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Carpineto Grandi Vini di Toscana

May 11, 2015

These notes came from a SMA Wine Chapter dinner at Gattopardo on 05 May 2015, featuring the wines of Carpineto Grandi Vini di Toscana with its proprietor Antonio Mario Zaccheo, who had founded this estate in 1967, in attendance. Carpineto prides itself in wine-making that expresses the terroir truthfully instead of trying to please the palates of wine judges, and I must admit to having a soft spot for this estate. Ric & Antonio ZaccheoWe began with the 2013 Carpineto Dagojolo Bianco, made from a blend of chardonnay, sauvignon blanc and grechetto, grassy with notes of morning dew, white flowers and soft citrus, not too crisp, easy on the palate but suitably intense in the mid-body, its balanced acidity tapering towards a lasting finish. I found it refreshing without being too straightforward.

Once we’re seated at the table, the 2008 Carpineto Brunello di Montalcino was poured, made from 100% sangiovese aged 3 years in barrel. This wine was dark purple with an attractive earthy pungency on the nose that yielded a good concentration of ripe raspberries and wild berries with traces of enamel and camphor and a dash of forest floor, its tight velvety tannins gripping the palate with controlled intensity right through to its spicy finish. Predictably though, this Brunello is still very youthful and will, no doubt, develop very well by the end of this decade. Keep. Next up was a 1997 Carpineto Chianti Classico Riserva, poured from magnum, featuring sweet medicinal aromas with herbal overtones and leafy elements from the ripe fruit, stern in demeanour, evolving towards notes of tangerine and orange peel after a couple of hours, finishing with a dash of spice and sweet tannins. 20150505_202336[1]This would be drinking very well on its own but, paired with the powerful Brunello in this instance, it was somewhat underwhelming and four-square.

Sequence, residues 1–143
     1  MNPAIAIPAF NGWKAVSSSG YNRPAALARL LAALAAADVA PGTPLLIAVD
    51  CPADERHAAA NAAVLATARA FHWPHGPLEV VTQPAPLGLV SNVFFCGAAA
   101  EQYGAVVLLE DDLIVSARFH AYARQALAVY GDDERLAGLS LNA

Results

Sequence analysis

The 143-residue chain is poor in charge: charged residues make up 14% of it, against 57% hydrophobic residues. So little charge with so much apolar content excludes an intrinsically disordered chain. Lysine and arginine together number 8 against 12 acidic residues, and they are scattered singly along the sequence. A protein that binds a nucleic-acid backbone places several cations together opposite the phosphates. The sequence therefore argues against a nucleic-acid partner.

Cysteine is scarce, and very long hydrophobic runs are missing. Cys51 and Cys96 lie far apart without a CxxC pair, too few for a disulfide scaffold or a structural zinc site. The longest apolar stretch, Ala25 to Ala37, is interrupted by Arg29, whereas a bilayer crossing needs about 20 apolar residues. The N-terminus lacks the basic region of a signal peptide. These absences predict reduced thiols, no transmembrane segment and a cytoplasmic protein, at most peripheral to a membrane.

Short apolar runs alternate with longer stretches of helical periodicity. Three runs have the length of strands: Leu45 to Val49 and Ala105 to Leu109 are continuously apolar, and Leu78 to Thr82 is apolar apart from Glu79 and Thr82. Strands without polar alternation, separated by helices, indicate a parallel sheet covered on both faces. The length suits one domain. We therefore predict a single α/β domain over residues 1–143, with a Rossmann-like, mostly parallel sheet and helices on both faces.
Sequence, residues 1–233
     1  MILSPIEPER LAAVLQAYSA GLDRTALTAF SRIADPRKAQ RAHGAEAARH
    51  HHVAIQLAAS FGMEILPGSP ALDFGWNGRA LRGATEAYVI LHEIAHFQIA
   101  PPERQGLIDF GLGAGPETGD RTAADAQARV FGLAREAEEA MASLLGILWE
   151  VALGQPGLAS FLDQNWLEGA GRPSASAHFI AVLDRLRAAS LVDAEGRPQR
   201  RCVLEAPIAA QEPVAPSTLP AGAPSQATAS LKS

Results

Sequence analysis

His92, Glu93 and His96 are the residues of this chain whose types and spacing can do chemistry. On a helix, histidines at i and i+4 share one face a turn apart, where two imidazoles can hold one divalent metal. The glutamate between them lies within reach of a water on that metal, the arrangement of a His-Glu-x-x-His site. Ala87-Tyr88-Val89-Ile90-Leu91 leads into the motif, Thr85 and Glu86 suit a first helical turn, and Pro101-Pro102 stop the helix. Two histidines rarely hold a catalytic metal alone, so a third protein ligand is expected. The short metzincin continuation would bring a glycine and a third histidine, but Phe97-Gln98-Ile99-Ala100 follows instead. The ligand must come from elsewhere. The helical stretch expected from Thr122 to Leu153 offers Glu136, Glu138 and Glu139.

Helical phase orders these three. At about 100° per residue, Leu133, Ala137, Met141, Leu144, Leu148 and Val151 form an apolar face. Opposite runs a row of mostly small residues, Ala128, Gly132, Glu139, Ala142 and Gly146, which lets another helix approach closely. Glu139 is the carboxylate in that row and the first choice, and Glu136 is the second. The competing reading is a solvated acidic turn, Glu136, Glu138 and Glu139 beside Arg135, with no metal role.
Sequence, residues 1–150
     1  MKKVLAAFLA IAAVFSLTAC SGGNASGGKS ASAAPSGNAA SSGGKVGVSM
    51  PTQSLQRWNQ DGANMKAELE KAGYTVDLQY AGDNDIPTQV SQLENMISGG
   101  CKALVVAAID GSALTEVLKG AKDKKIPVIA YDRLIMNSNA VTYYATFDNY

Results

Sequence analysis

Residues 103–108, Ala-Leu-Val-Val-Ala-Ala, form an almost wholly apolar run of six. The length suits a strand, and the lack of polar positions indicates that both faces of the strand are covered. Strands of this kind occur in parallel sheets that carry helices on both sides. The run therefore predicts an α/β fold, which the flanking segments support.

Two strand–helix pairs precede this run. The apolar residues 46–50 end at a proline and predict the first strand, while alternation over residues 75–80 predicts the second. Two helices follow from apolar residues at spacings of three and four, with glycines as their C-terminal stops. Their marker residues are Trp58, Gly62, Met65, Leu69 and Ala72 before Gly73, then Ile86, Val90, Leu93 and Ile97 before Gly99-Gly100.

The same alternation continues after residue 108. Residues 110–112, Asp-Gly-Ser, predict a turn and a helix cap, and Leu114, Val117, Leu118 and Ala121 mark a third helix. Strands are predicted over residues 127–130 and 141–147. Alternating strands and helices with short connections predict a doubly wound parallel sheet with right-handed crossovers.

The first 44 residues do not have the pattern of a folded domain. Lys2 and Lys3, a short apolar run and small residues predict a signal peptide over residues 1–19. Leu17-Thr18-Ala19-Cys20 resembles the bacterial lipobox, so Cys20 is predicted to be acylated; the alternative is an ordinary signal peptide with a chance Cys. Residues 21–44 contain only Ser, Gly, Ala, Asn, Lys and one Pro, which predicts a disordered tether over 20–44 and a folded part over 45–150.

Next came the highly-anticipated highlight of this evening, the series of wines from the famous Vino Nobile di Montepulciano of this estate, led by a single vineyard bottling of the 2004 Carpineto Vino Nobile di Montepulciano Vigneto di Poggio Sant’ Enrico. Deep purple, this wine possessed a lovely complex bouquet that was highly aromatic, delivering a wine of immense concentration and fabulous intensity, structured and taut with a lovely tension on the palate, displaying excellent definition, linearity and wonderful length. Still remarkably youthful, worthy of many more years of patient cellaring. After this, the 2009 Carpineto Vino Nobile di Montepulciano Riserva exhibited superb pungency with an abundance of redcurrants, darkcurrants and dark roses, naturally tight and intense at this stage but beautifully structured and long, promising plenty of potential for the long haul. The 1997 Carpineto Vino Nobile di Montepulciano Riserva was dark and seamless, featuring a beautiful bouquet with black fruits of glorious depth and intensity, sparkling with spots of graphite, superbly structured. A wine of great length and power at its absolute peak, simply marvellous, earning my vote for Wine Of The Night. On the other hand, the 1988 Carpineto Vino Nobile di Montepulciano Riserva was very open and mellow with a seductive beautiful glow that’s only possible from the Old World, its acidity and structure still intact although the fruit was somewhat uneven across the palate, suggesting that it has passed its peak. The evening concluded with a 1996 Carpineto Farnito Vinsanto del Chianti, lowish in acidity, almost port-like in texture with copious notes of cinnamon and peaches. Many thanks to the SMA Wine Chapter and to Ms Jo Hung of Oaks Cellars for making this evening possible.

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